In his copious amounts of "spare" time, Mr. Howes is learning the art of cabinet-making, flies radio-controlled helicopters and airplanes, and mountain cycles. Next summer he would like to learn how to kayak.
 
Linked In Page: http://www.linkedin.com/pub/3/54a/578

Comments and Discussions

 
GeneralSome bug PinmemberStoneHead6-Dec-07 18:31 
GeneralNice really, i wish an update of gdi+ Pinmemberjohnthan4-Nov-02 18:45 
GeneralRe: Nice really, i wish an update of gdi+ Pinmemberjandrhub25-Nov-02 1:24 
GeneralRe: Nice really, i wish an update of gdi+ PinsussAnonymous27-Nov-02 2:33 
GeneralPossible Resource Leaks PinmemberHenry Jacobs12-Mar-02 10:00 
GeneralBitmap size... PinmemberPaul A. Howes12-Mar-02 3:21 
I looked over several other implementations for the memory DC. I found one thing in common with many of them:
 
The implementations that create the bitmap to be exactly the size needed, require the buffer to be created and destroyed every time the WM_PAINT handler is called. This results in the code being much more memory efficient than mine, at the expense of performance.
 
I wanted my implementation to be generic enough that it could be used for custom drawn controls, as well as for the client area of a window. When the CMemDC class is used in generating the client area of a window, the class only needs to be created once in the client window's WM_CREATE handler. At that point in the program's execution, the size of the window has not yet been determined! Rather than trying to guess, the general rule is to create the bitmap sized to be the entire screen. Then, no matter how much the window is resized during program execution, the bitmap and the compatible DC never need to be recreated, only redrawn at the new size.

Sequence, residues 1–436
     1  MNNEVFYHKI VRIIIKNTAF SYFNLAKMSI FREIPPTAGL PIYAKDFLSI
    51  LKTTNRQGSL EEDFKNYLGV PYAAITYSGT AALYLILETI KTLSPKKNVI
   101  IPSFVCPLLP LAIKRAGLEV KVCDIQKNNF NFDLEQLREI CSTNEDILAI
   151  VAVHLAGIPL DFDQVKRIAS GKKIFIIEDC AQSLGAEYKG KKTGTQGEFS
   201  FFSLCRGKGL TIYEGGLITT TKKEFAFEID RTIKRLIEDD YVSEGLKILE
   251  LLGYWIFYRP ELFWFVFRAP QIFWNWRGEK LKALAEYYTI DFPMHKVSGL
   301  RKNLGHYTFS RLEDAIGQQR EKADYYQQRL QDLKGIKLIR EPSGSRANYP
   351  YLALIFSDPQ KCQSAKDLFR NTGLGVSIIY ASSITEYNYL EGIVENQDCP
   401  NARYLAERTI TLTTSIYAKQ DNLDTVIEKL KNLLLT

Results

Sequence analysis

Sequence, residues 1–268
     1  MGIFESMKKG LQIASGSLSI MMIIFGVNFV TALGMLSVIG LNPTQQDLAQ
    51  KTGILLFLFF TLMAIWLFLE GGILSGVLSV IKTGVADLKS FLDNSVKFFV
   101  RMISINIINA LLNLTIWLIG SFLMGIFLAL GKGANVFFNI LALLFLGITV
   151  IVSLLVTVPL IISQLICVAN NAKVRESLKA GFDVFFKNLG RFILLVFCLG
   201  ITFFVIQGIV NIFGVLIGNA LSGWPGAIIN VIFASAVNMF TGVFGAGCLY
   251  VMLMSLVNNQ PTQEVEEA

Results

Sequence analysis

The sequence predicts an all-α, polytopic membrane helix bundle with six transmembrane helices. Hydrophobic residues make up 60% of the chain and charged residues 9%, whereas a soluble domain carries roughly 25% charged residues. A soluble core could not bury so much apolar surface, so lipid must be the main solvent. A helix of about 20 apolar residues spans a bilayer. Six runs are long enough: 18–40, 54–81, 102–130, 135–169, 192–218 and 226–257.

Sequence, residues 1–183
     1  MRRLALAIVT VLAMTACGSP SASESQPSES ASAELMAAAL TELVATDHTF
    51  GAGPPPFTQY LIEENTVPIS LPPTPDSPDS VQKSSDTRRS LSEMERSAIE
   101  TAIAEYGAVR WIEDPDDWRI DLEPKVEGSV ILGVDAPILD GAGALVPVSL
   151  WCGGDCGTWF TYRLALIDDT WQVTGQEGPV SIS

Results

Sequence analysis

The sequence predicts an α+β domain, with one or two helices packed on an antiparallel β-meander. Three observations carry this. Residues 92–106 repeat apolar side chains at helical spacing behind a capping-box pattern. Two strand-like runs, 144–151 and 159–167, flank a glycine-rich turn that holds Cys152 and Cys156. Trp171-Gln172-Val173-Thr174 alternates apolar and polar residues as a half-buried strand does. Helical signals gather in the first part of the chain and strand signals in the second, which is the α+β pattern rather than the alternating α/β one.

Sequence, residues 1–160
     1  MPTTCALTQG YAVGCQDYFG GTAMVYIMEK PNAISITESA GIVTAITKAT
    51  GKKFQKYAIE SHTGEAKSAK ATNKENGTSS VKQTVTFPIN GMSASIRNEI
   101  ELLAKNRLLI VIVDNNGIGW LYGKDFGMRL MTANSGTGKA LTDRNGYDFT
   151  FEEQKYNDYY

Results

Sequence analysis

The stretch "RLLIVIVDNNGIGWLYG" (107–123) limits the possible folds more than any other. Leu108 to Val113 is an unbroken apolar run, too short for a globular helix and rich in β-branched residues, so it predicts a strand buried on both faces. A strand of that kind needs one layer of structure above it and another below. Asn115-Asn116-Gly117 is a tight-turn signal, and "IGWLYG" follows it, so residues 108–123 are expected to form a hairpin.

This really comes down to an issue of efficiency: Memory or speed? There really is no right answer to that question. It depends on the requirements of the software itself. Most of the development I do is imaging or video related, which means I have large bitmaps in memory to start with.
 
In the case of video, I have to depend on the processor for decoding frames as quickly as possible. Copying the completed bitmaps (frames) from memory to screen needs to happen very rapidly, which is mostly dependant on the system memory, the speed of the bus, and the amount of memory on the video card. If the compatible DC and bitmap have to be created and destroyed for every frame, then valuable CPU time is being wasted -- because of the requirements of my application.
 
I hope this clears up some of the confusion as to why I implemented the CMemDC class in the way I did. If there are any other questions or comments, please post them! If I receive enough interest, I will update the article and code to reflect the ideas and comments I receive.
 
--
Paul
 
"I drank... WHAT?"
GeneralRe: Bitmap size... Pinmemberjandrhub25-Nov-02 2:11 
GeneralAnother (better?) version already exist PinmemberJean-Michel LE FOL11-Mar-02 21:49 
GeneralRe: Another (better?) version already exist PinmemberPaul A. Howes11-Mar-02 23:50 
GeneralRe: Another (better?) version already exist PinmemberDaniel Bowen13-Mar-02 10:32